In the early nineteenth century, American wall paintings developed from oil-on-wood works that formed part of a room's wall paneling into large-scale, floor-to-ceiling works on plaster. Much of the scholarship surrounding these wall paintings has focused on the artists who created them for homes throughout New England. As the 2010–2011 Douglass Foundation Fellow in The American Wing, my goal is to study instead the homeowners who commissioned the works, as well as the histories of the houses in which they were completed.
A major component of my research thus far has been firsthand study of these interiors, though locating the far-flung houses has been somewhat of a process on its own. To find out where these houses are and whether the wall paintings in them still exist, I have relied on a combination of resources, including old journals, telephone directories, and Google Maps. For example, I found grainy, black-and-white photos of one painted interior from Ithaca, New York, in a 1945 issue of The Magazine Antiques. I was lucky in this instance because the article listed the exact address of the house and mentioned that it had been moved there in the early twentieth century from elsewhere in Ithaca. I didn't know if the house was still standing, so I turned to Google Maps, which revealed a street view of an early nineteenth-century Greek Revival house tucked in between later Victorian houses, confirming that the house had indeed been moved from a different location. I contacted the accountant whose business is listed at the address and discovered that, unfortunately, the murals had been covered over before he purchased the property.
Last October, I went on a road trip to research wall paintings in person. I began in Portsmouth, New Hampshire, at the historic Warner House, which has the earliest known in situ American wall paintings. Executed between 1718 and 1720 on the staircase walls, the paintings have attracted many scholars because of their mysterious subject matter. In one section, a woman sits at a spinning wheel while a dog barks at an eagle holding a chicken in its talons. Another section depicts the sacrifice of Abraham. Other scenes depict a white man on horseback and two Mohawk chiefs. Although no one has determined exactly how the subject matter relates to Archibald MacPheadris—the North Irish merchant who owned the house and presumably commissioned the paintings—the unusual and highly specific scenes suggest that wall paintings may have been used to express homeowners' artistic tastes as well as their political and social viewpoints.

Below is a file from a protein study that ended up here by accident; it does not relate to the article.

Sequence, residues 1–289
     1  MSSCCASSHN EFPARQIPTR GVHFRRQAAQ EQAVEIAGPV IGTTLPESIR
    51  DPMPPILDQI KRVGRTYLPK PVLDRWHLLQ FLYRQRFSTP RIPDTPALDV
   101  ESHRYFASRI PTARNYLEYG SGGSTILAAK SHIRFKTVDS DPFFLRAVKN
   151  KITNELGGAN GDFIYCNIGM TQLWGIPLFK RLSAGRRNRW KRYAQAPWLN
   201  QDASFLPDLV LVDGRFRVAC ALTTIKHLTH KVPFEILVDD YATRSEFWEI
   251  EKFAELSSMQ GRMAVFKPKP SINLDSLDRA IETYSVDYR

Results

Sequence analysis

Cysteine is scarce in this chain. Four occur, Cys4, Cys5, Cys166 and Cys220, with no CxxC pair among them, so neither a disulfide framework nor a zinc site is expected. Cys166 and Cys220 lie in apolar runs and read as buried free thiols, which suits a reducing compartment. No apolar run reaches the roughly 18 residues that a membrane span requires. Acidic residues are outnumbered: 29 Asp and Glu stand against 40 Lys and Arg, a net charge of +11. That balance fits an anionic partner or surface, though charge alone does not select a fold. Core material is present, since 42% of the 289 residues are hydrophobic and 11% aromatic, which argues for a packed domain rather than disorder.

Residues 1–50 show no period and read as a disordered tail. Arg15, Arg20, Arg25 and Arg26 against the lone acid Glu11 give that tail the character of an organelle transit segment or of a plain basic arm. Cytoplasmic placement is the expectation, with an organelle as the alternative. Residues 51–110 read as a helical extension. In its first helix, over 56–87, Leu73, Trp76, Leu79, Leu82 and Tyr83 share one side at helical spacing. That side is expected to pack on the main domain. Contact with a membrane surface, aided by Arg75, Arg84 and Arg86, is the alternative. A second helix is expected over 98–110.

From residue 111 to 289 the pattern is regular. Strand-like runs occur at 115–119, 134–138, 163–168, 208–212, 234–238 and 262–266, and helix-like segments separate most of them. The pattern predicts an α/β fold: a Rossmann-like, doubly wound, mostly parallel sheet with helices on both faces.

In Windham County, Vermont, I visited two houses with wall paintings completed in the 1820s and 1830s. Though both landscapes, these murals depict remarkably different subjects. The first house, built in 1818 and owned by Dan Mather, a farmer and tanner, is now a private home owned by Marlboro College. A series of murals in the house, recently conserved when the college received a grant from the Preservation Trust of Vermont, depict uniform rows of trees, a weeping willow, and, on one wall, a New England town with houses and roads among the trees.
The second house I visited in Windham County was owned in the early nineteenth century by Jonas Twitchell, a prominent member of the community who trained as a blacksmith. Its wall painting features a tropical landscape with lush trees, exotic plants, and an erupting volcano. The painting is in fragile condition because it was covered by wallpaper from the late nineteenth century until the 1960s, when the homeowners discovered it.
The wall paintings in the Mather and Twitchell houses reveal something about the homeowners. Through my previous research, I had learned that both men served on the board of the Windham County Bank and in the Vermont militia and found success in farming and other industries that relied on the area's natural resources. Mather lived his entire life in Windham County in a house that his father built for him. Twitchell, on the other hand, was born in New Hampshire, moved to Vermont as a young man, and moved back and forth again at least once. My current research suggests that Twitchell purchased his home, rather than building it, and commissioned its wall paintings later. Perhaps by knowing more about the men we begin to understand why Mather might have commissioned wall paintings that depict his local landscape, while Twitchell, less closely tied to the area, may have been more interested in exotic landscapes that suggest travel and foreign lands.
Many questions about these wall paintings remain. How did they relate to the actual landscapes that were visible through the houses' windows? What motivated homeowners to commission wall paintings rather than install wallpaper or hang paintings, like other New Englanders at the time? These are questions I hope to answer by looking further into early nineteenth-century murals and interior decoration in Windham County and the surrounding area.
Ruthie Dibble is the 2010–2011 Douglass Foundation Fellow in The American Wing.
The American Wing